For Gandhiji, civilization in the real sense of the term consists not in the multiplication, but the deliberate and voluntary reduction of wants. The concept of modern civilization is as unsatisfactory as an unending pursuit of material pleasure based on greed. He suggests that the concept of modern civilization ultimately won't lead the world towards development. It is only ecologically, not sustainable. Gandhiji realized that modern civilization tends to multiply the wants (not needs) of common people. Gandhiji also valued bodily labour saying, "the rains come not through intellectual feats, but sheer bodily labour. It is a well-established observation that where forests remain denuded of trees, rains are attracted, and therefore the volume of water received increases with the increase of vegetation".(2)
The main reason behind Gandhiji's rejection of modern civilization was based on his deep conviction to uphold higher ethical principles, doubting whether it was sustainable in the long run. While discussing this topic, some of my friends said, "We can't practice Gandhian environmental thoughts in today's world, especially his views on development. Everyone wants development, and no one will be able to place the environment above their 'basic needs' ".
In my opinion, we need to redefine the concepts of 'basic needs' and 'development'.
Following Gandhiji's views on modern civilization as it has the degraded environment to the hilt, and has led human nature towards egoist hedonism. As a result, human relations have become transactional and artificial. Gandhiji's thoughts are unavoidable in our pursuit of ecological justice. They ought to be readapted in the contemporary context. This will nevertheless require a 'systemic revolution'. However, unlike Marxist ideas, it ought to be non-violent.
To prevent environmental degradation, along with plantation, water conservation, recycling, we can start working from ground level through panchayat raj institutions. We cannot develop our villages by ignoring environmental issues. Forests, water, farms, rural industries are all associated with environmental concern. Limitation of wants is another important aspect of Gandhian economics. Gandhiji urged us to attenuate ours wants to attenuate the burden on nature by avoiding hazardous wastes. Promotion of Khadi maintains a balance between environment and employment. By manufacturing such eco-friendly products, webcam creates newer markets for the village economy. Other areas to be explored include watershed management and organic farming. For this, we'll have to define and find out 'new' education by amalgamating scientific materialism into scientific idealism.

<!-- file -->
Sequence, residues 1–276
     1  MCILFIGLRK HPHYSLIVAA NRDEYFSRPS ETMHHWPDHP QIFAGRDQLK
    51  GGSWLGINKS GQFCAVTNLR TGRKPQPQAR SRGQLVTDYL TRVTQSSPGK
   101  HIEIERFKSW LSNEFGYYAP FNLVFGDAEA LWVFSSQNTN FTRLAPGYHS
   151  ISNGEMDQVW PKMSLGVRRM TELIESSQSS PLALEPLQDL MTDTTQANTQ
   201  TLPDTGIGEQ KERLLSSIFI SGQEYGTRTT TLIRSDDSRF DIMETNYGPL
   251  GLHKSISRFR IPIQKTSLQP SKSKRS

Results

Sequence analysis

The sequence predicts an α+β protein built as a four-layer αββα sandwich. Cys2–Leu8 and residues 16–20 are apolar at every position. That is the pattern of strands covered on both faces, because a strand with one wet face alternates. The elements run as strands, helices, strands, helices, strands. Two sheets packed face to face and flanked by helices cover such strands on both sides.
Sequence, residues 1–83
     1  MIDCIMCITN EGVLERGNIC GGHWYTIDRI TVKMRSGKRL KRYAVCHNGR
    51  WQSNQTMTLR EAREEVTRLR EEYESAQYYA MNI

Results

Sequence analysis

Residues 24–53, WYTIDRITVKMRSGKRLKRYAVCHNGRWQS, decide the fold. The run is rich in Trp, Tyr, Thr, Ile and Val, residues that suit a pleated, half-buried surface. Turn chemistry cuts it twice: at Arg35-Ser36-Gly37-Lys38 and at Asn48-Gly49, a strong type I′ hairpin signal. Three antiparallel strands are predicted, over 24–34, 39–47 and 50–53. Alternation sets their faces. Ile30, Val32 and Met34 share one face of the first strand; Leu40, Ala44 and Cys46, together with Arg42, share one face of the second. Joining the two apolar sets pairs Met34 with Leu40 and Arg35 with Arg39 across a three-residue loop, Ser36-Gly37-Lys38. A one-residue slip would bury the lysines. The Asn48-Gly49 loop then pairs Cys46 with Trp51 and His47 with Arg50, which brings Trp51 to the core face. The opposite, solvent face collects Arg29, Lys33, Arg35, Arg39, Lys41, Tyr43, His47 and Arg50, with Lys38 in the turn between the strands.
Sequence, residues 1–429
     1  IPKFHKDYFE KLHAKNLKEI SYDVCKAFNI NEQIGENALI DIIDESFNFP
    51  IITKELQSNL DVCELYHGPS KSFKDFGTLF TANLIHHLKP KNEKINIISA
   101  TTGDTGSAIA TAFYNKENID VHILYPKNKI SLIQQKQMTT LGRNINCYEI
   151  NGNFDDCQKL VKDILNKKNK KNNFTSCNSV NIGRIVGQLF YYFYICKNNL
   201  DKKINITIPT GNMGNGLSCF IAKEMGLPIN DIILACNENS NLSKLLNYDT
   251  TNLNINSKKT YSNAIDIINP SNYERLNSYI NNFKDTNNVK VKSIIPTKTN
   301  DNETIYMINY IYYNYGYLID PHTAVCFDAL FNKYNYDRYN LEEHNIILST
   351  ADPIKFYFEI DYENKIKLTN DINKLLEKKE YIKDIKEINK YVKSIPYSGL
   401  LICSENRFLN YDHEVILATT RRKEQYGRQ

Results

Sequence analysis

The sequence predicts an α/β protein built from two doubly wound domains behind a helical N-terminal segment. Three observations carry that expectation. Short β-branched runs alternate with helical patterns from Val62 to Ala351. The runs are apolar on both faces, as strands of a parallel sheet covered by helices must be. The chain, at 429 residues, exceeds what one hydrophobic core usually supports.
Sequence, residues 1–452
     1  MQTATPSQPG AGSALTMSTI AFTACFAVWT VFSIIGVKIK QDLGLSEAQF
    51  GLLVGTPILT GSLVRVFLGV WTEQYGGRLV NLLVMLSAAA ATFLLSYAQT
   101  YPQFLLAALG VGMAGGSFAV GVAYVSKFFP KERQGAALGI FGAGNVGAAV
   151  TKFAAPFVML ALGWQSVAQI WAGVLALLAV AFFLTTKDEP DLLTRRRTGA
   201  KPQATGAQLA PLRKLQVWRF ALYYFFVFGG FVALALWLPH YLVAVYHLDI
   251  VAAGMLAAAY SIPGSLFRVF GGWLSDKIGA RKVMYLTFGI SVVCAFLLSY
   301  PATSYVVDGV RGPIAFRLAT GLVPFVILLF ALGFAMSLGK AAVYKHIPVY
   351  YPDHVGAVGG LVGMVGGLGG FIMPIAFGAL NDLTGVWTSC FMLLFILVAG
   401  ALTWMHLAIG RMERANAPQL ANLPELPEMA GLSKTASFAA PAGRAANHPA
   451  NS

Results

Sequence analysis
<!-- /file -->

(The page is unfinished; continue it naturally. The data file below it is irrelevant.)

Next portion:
Gandhiji's idea on sustainable development through 'Sarvodaya' wanted to safeguard the rights of future generations, through the welfare of all. Amidst all our brouhaha of development through the exploitation of resources, Gandhiji quietly reminds us: "It took Britain half the resources of our planet to achieve this prosperity. How many planets will a country like India require?" This is where Gandhiji is apt when he points out that, "Earth provides enough to satisfy every man's needs, but not every man's greed."
1. Ramachandra Gunha, "Mahatma Gandhi and Environmental Movement in India" in Arne Kalland and Gerard Persoon (ed), Environmental Movements in Asia (London: Nordic Institute of Asian Studies & Routledge, 1998), p.67
2. Young India, October 15, 1925
1. Siby K. Joseph & Bharat Mahodaya (eds.) Gandhi, environment and sustainable future (institute of Gandhian Thoughts, Wardha, 2013)
2. M.K.Gandhi, Hind Swaraj or Indian Home Rule (Navajivan pub. House, Ahmedabad,1989)